Leaping ahead in police vehicle technology
The Prineville Police Department has purchased a new vehicle and upgraded it with the latest technological innovations
A new police utility vehicle will soon hit the streets of Prineville, and the custom-designed vehicle will provide a safer environment for officers and passengers.
“This is kind of leap ahead in police vehicle technology,” commented Prineville Police Chief Eric Bush. “I think police cars are the one piece of equipment that is the most recognizable for a police department. Everyone can relate to seeing a police car. It’s a critical piece of equipment for a lot of obvious reasons, but the great thing that this platform will give us is a safer vehicle, and a much-more efficient vehicle.”
The 2012 Ford Explorer Police Interceptor Utility has been custom retrofitted and installed by the Technology Department of the City of Prineville and Webster Communciations. According to Bush, this saves the taxpayers a great deal of money.
“Ford added a lot of things that are specific to law enforcement in this vehicle,” said City of Prineville Information Technology Manager James Wilson.
He demonstrated an example of the ballistic door panels, which have a type of armor plating for officers to take cover. The back doors also open an extra 11 degrees to allow for easier transport of detainees.
The local vehicle is a utility version of the Interceptor, and has a significant amount of upgrades and modifications inside and out. Bush indicated that the interceptor was purchased out of last year’s budget, and they have purchased a new Ford Taurus sedan out of this year’s budget. It will have the same technology and upgrades, but it may be several months before the Taurus hits the road. The PPD currently has eight marked vehicles on the road, not including the Interceptor and Taurus. They will retire one when the utility is ready to hit the road, and Bush said that the current fleet is down from five years ago — which was 11 vehicles at that time.
The light bar is a multi-color LED, with the options of red, blue, white or amber. Wilson said that depending on the scene that the officers are approaching, they can change the lights from an emergency warning device to a bright white flood light to light up the entire area. A redesigned light bar also increases the warning power of the lights to the sides and rear which is very important when approaching intersections. The back doors also have metal bars over the windows.
“A lot of times people like to roll over and kick at the windows,” indicated Wilson. “They can’t do that anymore.”
There is also a clear center divider in the back seat, which is sound proof.
In the back of the vehicle, Wilson said that they took out the spare tire and placed an electronic bay, which provides easy access to diagnose and monitor the technology in and outside of the vehicle. Wilson noted that they have an extra battery, because there are several electronic systems that draw a lot of energy. There is an integrated video system on board, so the local dispatch center can pull up the front and rear cameras. Once connected, the dispatcher can stream live video from the vehicle to the center to check on the officer’s status or inform other responding units about what is happening at the scene. With a second camera, dispatch can also see into the prisoner compartment.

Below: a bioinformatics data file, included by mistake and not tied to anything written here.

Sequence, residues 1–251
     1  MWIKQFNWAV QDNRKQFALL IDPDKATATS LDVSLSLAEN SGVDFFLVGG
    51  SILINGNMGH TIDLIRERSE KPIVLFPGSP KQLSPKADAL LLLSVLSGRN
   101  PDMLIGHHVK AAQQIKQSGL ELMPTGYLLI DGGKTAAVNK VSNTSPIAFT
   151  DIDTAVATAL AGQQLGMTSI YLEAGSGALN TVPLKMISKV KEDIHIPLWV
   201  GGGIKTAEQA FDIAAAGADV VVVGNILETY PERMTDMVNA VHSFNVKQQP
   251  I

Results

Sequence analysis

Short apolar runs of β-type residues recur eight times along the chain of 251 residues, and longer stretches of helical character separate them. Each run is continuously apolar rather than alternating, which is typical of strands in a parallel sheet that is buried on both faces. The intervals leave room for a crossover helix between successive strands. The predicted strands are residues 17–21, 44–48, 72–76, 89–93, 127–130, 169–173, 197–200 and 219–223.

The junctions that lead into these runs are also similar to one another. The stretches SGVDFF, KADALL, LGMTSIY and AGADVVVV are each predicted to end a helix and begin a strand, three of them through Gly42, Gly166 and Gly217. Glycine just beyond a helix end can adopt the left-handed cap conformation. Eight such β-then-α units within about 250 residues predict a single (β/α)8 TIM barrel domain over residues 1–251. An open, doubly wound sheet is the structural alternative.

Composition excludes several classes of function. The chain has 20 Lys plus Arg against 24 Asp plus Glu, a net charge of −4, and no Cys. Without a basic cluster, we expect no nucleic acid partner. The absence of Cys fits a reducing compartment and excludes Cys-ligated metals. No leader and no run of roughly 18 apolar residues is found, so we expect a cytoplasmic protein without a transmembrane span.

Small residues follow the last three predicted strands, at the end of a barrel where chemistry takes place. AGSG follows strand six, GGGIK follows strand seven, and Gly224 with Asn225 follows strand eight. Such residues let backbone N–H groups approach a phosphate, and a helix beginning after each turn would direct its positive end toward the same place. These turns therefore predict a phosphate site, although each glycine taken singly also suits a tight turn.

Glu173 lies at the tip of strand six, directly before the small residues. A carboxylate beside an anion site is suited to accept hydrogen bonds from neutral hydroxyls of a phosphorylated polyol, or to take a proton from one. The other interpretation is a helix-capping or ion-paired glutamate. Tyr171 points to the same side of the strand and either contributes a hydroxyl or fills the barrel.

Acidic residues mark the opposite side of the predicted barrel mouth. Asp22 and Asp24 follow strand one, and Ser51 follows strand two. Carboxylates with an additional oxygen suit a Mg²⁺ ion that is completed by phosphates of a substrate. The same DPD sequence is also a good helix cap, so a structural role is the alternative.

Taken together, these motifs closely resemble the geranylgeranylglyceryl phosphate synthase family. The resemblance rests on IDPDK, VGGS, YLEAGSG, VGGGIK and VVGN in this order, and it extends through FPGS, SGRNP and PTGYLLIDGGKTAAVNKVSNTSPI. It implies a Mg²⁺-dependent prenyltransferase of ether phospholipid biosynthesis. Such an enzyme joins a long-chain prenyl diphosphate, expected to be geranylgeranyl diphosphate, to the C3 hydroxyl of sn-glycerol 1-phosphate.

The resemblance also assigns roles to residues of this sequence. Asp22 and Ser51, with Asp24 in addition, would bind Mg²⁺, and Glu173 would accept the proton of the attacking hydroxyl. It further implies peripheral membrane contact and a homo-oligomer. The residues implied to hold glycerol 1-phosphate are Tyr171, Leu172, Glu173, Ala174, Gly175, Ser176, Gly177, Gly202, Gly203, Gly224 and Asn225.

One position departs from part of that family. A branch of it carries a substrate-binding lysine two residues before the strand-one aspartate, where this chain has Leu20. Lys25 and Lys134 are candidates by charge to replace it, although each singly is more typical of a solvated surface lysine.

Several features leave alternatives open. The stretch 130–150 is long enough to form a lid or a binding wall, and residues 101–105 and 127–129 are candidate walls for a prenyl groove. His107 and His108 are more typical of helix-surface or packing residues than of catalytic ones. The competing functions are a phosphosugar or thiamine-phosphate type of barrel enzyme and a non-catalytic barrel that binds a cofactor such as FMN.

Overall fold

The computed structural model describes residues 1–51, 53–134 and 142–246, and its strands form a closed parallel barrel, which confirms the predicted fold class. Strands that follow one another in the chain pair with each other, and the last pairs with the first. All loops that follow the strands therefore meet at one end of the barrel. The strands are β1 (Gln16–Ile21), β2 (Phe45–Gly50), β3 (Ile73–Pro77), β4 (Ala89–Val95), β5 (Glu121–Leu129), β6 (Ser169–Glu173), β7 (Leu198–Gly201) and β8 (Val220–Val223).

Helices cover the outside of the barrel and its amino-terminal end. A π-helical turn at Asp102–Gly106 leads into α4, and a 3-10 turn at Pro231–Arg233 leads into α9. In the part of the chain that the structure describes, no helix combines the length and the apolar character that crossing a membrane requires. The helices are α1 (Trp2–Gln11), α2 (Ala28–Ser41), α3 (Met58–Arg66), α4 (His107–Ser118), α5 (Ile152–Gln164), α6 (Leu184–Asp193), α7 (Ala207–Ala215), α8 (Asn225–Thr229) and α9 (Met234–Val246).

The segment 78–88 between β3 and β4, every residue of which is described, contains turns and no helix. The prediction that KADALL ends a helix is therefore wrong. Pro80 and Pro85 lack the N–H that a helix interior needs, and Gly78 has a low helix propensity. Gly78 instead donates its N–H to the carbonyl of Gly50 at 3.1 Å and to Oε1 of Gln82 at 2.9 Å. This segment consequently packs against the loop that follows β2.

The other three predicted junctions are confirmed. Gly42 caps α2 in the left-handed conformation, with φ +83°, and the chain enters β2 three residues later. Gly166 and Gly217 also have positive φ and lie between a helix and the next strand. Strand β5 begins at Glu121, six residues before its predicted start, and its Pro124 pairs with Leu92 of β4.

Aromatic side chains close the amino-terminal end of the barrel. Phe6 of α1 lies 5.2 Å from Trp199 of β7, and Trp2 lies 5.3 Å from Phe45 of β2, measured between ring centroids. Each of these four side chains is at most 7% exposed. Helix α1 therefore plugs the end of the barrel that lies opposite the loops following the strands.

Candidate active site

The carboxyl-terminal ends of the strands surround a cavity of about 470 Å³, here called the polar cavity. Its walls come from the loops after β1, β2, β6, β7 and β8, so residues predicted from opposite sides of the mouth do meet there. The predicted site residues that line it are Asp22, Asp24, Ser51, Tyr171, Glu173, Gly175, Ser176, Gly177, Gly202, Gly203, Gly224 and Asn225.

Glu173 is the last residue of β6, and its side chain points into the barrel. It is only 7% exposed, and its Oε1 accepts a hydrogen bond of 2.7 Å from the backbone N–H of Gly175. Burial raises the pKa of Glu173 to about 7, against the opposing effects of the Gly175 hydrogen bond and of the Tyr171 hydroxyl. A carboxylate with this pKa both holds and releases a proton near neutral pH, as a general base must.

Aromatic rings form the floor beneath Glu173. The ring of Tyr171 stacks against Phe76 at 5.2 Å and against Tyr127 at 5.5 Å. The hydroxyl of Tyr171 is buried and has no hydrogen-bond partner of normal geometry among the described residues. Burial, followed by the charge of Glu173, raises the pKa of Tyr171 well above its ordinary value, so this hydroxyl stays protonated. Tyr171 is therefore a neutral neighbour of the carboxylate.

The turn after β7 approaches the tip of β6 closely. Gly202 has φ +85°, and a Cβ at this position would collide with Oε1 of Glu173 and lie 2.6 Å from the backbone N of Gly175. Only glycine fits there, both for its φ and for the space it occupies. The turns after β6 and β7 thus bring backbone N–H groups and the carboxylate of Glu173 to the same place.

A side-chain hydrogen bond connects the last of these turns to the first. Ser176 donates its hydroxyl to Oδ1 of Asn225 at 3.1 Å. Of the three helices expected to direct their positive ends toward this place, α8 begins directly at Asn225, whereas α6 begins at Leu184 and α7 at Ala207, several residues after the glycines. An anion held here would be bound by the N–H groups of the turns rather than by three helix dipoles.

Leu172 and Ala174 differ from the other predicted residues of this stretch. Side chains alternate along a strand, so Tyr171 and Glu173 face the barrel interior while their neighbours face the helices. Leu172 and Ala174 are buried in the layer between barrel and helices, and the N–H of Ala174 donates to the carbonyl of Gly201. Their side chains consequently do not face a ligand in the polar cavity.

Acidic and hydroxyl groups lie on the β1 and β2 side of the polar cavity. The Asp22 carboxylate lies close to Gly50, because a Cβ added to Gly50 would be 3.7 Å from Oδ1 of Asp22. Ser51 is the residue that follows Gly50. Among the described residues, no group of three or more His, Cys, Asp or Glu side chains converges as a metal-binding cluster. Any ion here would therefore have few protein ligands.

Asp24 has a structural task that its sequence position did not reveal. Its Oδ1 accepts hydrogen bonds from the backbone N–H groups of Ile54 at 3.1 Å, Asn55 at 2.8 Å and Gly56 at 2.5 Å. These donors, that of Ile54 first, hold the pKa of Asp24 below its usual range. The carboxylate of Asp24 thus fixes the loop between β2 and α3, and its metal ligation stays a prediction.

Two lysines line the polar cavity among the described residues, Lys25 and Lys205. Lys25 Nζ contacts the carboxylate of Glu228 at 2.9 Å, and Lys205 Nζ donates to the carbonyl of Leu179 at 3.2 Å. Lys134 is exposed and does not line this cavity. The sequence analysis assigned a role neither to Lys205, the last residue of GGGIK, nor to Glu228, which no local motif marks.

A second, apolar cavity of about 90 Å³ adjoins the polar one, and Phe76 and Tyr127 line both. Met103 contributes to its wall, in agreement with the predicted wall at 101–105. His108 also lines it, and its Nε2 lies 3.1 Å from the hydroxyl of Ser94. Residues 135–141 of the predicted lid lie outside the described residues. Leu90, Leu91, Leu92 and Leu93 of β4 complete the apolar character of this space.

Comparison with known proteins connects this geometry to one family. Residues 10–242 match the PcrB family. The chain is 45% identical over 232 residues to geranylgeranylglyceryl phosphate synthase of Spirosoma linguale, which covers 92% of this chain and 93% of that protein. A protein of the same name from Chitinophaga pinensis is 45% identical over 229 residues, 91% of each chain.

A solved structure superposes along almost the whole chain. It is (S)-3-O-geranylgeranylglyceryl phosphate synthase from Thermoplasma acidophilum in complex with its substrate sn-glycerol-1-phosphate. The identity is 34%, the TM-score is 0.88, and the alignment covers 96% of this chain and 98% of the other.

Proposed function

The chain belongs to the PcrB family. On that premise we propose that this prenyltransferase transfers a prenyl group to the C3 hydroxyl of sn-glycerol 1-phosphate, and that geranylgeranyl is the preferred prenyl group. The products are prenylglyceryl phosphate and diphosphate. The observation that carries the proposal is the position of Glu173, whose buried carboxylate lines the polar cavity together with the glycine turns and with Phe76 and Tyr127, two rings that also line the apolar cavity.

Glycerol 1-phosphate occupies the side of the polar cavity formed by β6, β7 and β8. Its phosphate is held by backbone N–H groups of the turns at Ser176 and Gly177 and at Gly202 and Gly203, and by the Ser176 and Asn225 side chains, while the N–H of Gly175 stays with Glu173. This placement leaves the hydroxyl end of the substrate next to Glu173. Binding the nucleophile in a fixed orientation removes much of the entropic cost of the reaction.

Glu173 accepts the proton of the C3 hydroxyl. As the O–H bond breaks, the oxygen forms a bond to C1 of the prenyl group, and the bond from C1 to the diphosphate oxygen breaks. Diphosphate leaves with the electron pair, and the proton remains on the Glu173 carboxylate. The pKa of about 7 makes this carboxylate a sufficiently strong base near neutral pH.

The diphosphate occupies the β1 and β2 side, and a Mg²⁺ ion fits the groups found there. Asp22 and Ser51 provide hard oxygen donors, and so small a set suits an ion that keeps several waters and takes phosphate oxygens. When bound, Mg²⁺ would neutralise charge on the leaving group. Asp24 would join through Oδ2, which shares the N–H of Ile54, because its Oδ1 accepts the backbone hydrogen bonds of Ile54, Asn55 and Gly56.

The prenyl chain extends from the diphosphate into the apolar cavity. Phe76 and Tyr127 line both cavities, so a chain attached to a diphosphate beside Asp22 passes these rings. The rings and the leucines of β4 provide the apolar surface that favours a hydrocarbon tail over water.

“The video system also has different sensors in it, so when the officer activates his light bar, the camera comes on and starts recording automatically, so it’s not another thing he has to think of when he stops the vehicle,” he said.
Wilson added that the vehicle has a crash sensor and record feature in case of a vehicle crash. The system also pre-records up to three minutes.
“A little bit like a black box.”
The vehicle is equipped with 4G mobile broadband and is equipped with a Wi-Fi hotspot. This will enable officers to pair devices such as laptops or tablet computers which can be removed from the vehicle and taken with the officer while conducting an investigation — while still being connected to databases back at the office.
“It’s going to give us a technical capability to do a lot more with a car than has ever been done with a police car in the past. We’re pretty excited about it,” exclaimed Bush.
Wilson elaborated that the vehicle was also retrofitted to make more room in the front cab to compensate for the prisoner compartment. The seats are also wider to accommodate the gear that officers wear on a daily basis.
“All of this is custom,” Wilson pointed out.
He said that the technology department from the City and Greg Webster of Webster Communications designed the entire electronic bay, and created the bars on the window and some of the other individual features.
“It’s a pleasure to do work for the City,” said Webster. “These are definitely advance vehicles, as far as the equipment and the vehicle itself.”